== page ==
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Restrictions on Medicaid Funding of Abortion: Effects on Birth Weight and Pregnancy Resolutions

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  • Janet Currie
  • Lucia A. Nixon
  • Nancy Cole

Abstract

Previous research suggests that restricting the availability of abortion reduces average birth weight. In this paper we use data from the National Longitudinal Survey of Youth to reexamine this question. Most previous studies have estimated the probability that a pregnancy is carried to term, and then used these estimates to calculate "selection corrections" that are included in models of birth weight. We focus instead on reduced form models of birth weight that are not affected by underreporting of abortion, and that do not involve strong identifying restrictions. We also explore the potential endogeneity of abortion laws by comparing jurisdictions with abortion restrictions to jurisdictions where restrictive laws have been passed but are enjoined by the courts. Our results provide little support for the hypothesis that restrictions reduce average birth weight. We also find some evidence that abortion restrictions are endogenous, and that estimated effects on birth weight may reflect unobserved characteristics of states.

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Bibliographic Info

Paper provided by Mathematica Policy Research in its series Mathematica Policy Research Reports with number 2016.

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Date of creation: 28 Feb 1997
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Handle: RePEc:mpr:mprres:2016

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References

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  1. Elizabeth Cooksey, 1990. "Factors in the Resolution of Adolescent Premarital Pregnancies," Demography, Springer, vol. 27(2), pages 207-218, May.
  2. Hope Corman & Theodore J. Joyce & Michael Grossman, 1987. "Birth Outcome Production Functions in the U.S," NBER Working Papers 1729, National Bureau of Economic Research, Inc.
  3. Mark R. Rosenzweig & T. Paul Schultz, 1982. "The Behavior of Mothers as Inputs to Child Health: The Determinants of Birth Weight, Gestation, and Rate of Fetal Growth," NBER Chapters, in: Economic Aspects of Health, pages 53-92 National Bureau of Economic Research, Inc.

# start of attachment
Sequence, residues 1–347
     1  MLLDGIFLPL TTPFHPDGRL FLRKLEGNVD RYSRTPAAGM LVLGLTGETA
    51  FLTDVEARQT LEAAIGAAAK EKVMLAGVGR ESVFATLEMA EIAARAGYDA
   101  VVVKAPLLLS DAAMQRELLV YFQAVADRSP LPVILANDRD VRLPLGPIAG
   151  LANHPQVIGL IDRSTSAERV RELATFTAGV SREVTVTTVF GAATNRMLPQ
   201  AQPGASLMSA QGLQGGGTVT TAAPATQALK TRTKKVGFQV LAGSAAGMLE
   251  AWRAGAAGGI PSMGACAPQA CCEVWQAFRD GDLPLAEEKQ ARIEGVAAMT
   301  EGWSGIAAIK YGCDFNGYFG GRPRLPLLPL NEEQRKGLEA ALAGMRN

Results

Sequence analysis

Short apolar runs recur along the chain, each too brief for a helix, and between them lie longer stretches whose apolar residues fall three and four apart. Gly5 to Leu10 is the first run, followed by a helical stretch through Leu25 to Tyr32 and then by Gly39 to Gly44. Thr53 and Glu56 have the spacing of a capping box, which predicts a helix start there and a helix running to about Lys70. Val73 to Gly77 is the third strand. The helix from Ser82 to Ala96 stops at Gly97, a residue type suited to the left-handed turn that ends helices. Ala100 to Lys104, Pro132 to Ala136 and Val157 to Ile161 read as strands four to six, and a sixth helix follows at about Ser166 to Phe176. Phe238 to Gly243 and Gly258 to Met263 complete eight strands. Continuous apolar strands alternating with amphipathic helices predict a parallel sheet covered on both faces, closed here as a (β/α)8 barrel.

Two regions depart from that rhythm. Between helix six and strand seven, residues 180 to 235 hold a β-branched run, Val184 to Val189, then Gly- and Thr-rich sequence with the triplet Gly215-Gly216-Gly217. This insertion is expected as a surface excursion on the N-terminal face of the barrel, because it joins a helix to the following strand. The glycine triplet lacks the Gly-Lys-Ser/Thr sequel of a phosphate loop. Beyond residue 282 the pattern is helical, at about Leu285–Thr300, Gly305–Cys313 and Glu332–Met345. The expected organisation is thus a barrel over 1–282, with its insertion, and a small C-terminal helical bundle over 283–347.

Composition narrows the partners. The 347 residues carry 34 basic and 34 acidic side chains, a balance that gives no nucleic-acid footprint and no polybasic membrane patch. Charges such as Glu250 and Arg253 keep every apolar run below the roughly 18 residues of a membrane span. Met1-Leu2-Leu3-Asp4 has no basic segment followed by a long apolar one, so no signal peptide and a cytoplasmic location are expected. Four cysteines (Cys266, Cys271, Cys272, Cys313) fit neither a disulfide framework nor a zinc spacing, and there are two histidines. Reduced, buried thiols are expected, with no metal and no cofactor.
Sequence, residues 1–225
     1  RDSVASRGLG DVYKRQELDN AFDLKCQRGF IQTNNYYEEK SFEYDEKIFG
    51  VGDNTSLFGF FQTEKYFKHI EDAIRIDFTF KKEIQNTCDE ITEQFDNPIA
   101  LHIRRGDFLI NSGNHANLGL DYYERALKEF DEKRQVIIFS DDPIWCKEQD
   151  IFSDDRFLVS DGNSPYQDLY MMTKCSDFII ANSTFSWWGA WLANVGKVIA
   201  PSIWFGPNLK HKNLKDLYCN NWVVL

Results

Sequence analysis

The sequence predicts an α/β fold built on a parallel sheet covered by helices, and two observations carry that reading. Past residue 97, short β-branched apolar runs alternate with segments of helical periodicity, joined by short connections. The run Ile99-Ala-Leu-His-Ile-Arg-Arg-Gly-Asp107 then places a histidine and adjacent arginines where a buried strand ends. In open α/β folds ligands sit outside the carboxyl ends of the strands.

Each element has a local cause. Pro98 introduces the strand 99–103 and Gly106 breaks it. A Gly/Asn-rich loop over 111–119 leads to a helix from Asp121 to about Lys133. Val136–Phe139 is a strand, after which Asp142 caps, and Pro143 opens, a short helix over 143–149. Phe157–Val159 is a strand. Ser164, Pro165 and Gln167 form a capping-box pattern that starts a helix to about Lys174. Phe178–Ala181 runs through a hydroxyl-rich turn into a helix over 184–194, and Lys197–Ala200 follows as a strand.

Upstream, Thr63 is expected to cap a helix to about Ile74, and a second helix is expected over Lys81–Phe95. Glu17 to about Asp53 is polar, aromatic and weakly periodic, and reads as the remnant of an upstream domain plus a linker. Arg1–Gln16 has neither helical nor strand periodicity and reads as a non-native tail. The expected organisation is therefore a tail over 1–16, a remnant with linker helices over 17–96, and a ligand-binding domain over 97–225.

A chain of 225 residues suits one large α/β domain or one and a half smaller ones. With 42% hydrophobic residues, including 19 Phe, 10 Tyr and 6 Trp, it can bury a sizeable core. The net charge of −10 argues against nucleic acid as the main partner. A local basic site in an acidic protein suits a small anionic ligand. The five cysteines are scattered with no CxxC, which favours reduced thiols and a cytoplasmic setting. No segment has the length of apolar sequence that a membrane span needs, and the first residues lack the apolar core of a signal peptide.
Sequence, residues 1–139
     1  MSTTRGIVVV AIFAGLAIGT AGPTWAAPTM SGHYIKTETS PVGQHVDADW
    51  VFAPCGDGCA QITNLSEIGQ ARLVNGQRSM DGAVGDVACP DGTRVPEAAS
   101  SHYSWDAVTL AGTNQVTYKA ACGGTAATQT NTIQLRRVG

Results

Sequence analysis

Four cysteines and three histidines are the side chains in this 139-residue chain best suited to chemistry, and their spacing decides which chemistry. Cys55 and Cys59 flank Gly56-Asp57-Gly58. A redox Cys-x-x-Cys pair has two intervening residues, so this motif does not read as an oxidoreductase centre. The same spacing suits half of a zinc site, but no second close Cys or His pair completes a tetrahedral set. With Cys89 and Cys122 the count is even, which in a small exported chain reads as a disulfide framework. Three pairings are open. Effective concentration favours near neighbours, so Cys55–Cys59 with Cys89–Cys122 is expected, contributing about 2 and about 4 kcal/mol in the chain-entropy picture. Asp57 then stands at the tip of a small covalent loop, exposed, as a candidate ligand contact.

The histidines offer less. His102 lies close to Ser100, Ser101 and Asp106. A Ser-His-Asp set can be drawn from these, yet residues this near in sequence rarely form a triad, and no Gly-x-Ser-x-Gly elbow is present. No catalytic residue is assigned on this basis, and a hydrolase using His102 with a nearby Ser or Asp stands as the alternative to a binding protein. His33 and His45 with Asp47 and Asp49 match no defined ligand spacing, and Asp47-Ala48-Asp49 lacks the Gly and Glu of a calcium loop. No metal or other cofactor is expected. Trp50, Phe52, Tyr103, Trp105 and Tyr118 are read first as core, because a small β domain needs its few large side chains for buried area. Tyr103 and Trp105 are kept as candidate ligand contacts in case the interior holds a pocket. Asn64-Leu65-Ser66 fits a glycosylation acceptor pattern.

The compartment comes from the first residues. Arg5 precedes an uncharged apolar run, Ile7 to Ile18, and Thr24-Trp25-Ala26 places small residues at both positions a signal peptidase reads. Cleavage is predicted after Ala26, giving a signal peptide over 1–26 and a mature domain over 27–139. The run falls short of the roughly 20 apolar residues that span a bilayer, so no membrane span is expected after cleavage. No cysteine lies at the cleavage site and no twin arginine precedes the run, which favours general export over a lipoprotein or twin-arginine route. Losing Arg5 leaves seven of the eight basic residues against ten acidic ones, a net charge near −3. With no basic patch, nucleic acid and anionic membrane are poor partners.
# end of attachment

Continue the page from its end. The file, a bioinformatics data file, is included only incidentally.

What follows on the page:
4. Grossman, Michael & Joyce, Theodore J, 1990. "Unobservables, Pregnancy Resolutions, and Birth Weight Production Functions in New York City," Journal of Political Economy, University of Chicago Press, vol. 98(5), pages 983-1007, October.
  5. Michael Grossman & Steven Jacobowitz, 1981. "Variations in infant mortality rates among counties of the United States: The roles of public policies and programs," Demography, Springer, vol. 18(4), pages 695-713, November.
  6. Rebecca M. Blank & Christine C. George & Rebecca A. London, 1994. "State Abortion Rates: The Impact of Policies, Providers, Politics, Demographics, and Economic Environment," NBER Working Papers 4853, National Bureau of Economic Research, Inc.
  7. Corman, Hope & Grossman, Michael, 1985. "Determinants of neonatal mortality rates in the U.S. : A reduced form model," Journal of Health Economics, Elsevier, vol. 4(3), pages 213-236, September.
  8. Theodore Joyce & Michael Grossman, 1990. "Pregnancy wantedness and the early initiation of prenatal care," Demography, Springer, vol. 27(1), pages 1-17, February.
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Cited by:
  1. Philip J. Cook & Allan M. Parnell & Michael J. Moore & Deanna Pagnini, 1996. "The Effects of Short-Term Variation in Abortion Funding on Pregnancy Outcomes," NBER Working Papers 5843, National Bureau of Economic Research, Inc.
  2. Sen, Bisakha, 2003. "An indirect test for whether restricting Medicaid funding for abortion increases pregnancy-avoidance behavior," Economics Letters, Elsevier, vol. 81(2), pages 155-163, November.
  3. Charles, Kerwin Kofi & Stephens, Melvin, Jr, 2006. "Abortion Legalization and Adolescent Substance Use," Journal of Law and Economics, University of Chicago Press, vol. 49(2), pages 481-505, October.
  4. Sen, Bisakha, 2003. "A Preliminary Investigation of The Effects of Restrictions on Medicaid Funding for Abortions on Female STD Rates," MPRA Paper 1074, University Library of Munich, Germany.

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